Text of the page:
Opsoclonus Myoclonus Syndrome: What is It?

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What is Opsoclonus Myoclonus Syndrome (OMS) /Opsoclonus Myoclonus Ataxia (OMA)?


Opsoclonus Myoclonus Syndrome (OMS) also known as Opsoclonus Myoclonus Ataxia
(OMA) is an extremely rare neurological disease which appears to be the breakdown of an autoimmune process involving the nervous system . While OMS can occur at any age, most cases involve children under the age of three years old. Most OMS children have a normal birth and development until age 12-36 months (average). At that point, something triggers the immune system into overdrive and it can’t shut itself down.


About half of all OMS cases occur in association with neuroblastoma (a cancer of the sympathetic nervous system usually occurring in infants and children). When the  immune system cannot find a neuroblastoma, it begins attacking the base of the brain.


* Gross and fine motor functions affected
* Speech impairment occurs
* Vision (“dancing eyes”) problems are exhibited
* Severe ataxia (balance) problems arise


“Because this rare movement disorder is so unique, some neurologists may never see a case in their entire career,” Dr. Pranzatelli – www.omsusa.org .


This disease affects roughly one child in 10 million annually, or about 60 people per year worldwide.


Signs and symptoms


OMS is commonly mistaken for other illnesses such as Cerebellar Ataxia or inner ear infections. Prompt diagnosis often determines the severity of the long term impact on the child. Symptoms of OMS include:


*[Opsoclonus](rapid, involuntary, multivectorial (horizontal and vertical), unpredictable,
conjugate fast eye movements without intersaccadic quick rotation of the eyes intervals)


*[Myoclonus] (brief, involuntary twitching of a muscle or a group of muscles) *Ataxia both truncal and appendicular *Dysphasia (a language disorder in which there is an impairment of speech and of comprehension of speech, caused by brain damage)


*[Mutism] (a language disorder in which a person does not speak despite evidence of speech ability in the past, often part of a larger neurological or psychiatric disorder)




*Irritation or malaise




*Strabismus (a condition in which the eyes are not properly aligned with each other)




*Sleep disturbances.


*Loss of balance, inability to walk


*Loss of fine motor skills




A child afflicted with OMS can quickly regress from healthy and active to a child who constantly cries, throws tantrums, and loses all sense of balance and fine motor skill. This regression happens seemingly in a matter of a few days or weeks.




About half of all cases are associated with neuroblastoma cancer, and most of the others are suspected to be associated with a low-grade neuroblastoma that spontaneously regressed before detection. It is hypothesized that a virus infection causes the remaining cases. OMS is not generally considered an infectious disease. OMS is not passed on genetically.


Treatment of OMS


There is no known definitive cure for OMS. However, several drugs have proven to be effective in its treatment. Some of the medications used to treat the symptoms are:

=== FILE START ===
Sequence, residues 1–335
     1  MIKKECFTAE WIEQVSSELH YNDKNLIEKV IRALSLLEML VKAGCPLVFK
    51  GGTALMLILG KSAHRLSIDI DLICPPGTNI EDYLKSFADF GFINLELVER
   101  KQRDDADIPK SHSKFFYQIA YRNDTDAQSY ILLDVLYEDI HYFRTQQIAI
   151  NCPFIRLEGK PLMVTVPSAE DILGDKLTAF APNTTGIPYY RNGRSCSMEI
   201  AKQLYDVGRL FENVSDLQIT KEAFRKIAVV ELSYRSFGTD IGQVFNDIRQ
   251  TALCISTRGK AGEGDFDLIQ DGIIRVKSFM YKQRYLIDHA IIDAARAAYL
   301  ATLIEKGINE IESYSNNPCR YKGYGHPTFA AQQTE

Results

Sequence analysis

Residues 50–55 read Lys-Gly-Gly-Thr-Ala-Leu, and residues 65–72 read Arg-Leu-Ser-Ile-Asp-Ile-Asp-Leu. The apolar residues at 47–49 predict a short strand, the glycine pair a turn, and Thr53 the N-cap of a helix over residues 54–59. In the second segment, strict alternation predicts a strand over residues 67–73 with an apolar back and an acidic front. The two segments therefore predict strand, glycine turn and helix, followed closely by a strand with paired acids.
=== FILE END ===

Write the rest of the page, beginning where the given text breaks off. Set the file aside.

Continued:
*Corticosteroids Used at high dosages, this treatment can accelerate regression of symptoms. Subsequent very gradual tapering generally follows. Most patients require high doses daily or every other day for months to years before tapering. These medications go by the name ACTH and Prednisone, to name a few.


*Intravenous Immunoglobulin (IVIG) These infusions are given on average every 4-8
weeks for years. Most OMS children are required to have an outpatient hospital visit for these treatments.


*Chemotherapy treatments include Cytoxin and biotherapy treatments include Rituxin at various levels and for various lengths of time.


*Other medications are used to treat symptoms without influencing the nature of the disease (symptomatic treatment. These include:
*[Trazodone] can be useful against irritability and sleep problems *Plasmapheresis (“washing the blood”, showing similarities to dialysis for severe, steroid-unresponsive relapse .


Treatment of OMS should not be delayed. As soon as OMS is diagnosed, immunotherapy should be given, even before tumor removal. Surgical resection of the tumor may not help the symptoms of OMS; other treatment is usually necessary. Because chemotherapy is also immunotherapy, it should work to treat the tumor and the OMS. While “the cure” remains elusive, a handful of doctors are researching OMS.


Often, our OMS children are part of their research and their experiments in order to progress a cure. This often requires traveling great distances to meet with one of these specialists. They will often require spinal taps to determine the B cell and T cell levels of the child. Also, CT scans, MIBG scans, and other testing is normally a semi-annual or annual event for these kids. Once the specialist sets the treatment protocol for the child, they work with the local neurologist and/or pediatrician. At times, an OMS child may be working with a team of doctors including pediatricians, neurologists, OMS specialists, oncologists, endocrinologists, and others. When there is not agreement on treatment, parents need to resolve the conflict and the child normally suffers during the wait.


What is the Prognosis?


Remission may be more common in viral or idiopathic cases than in children with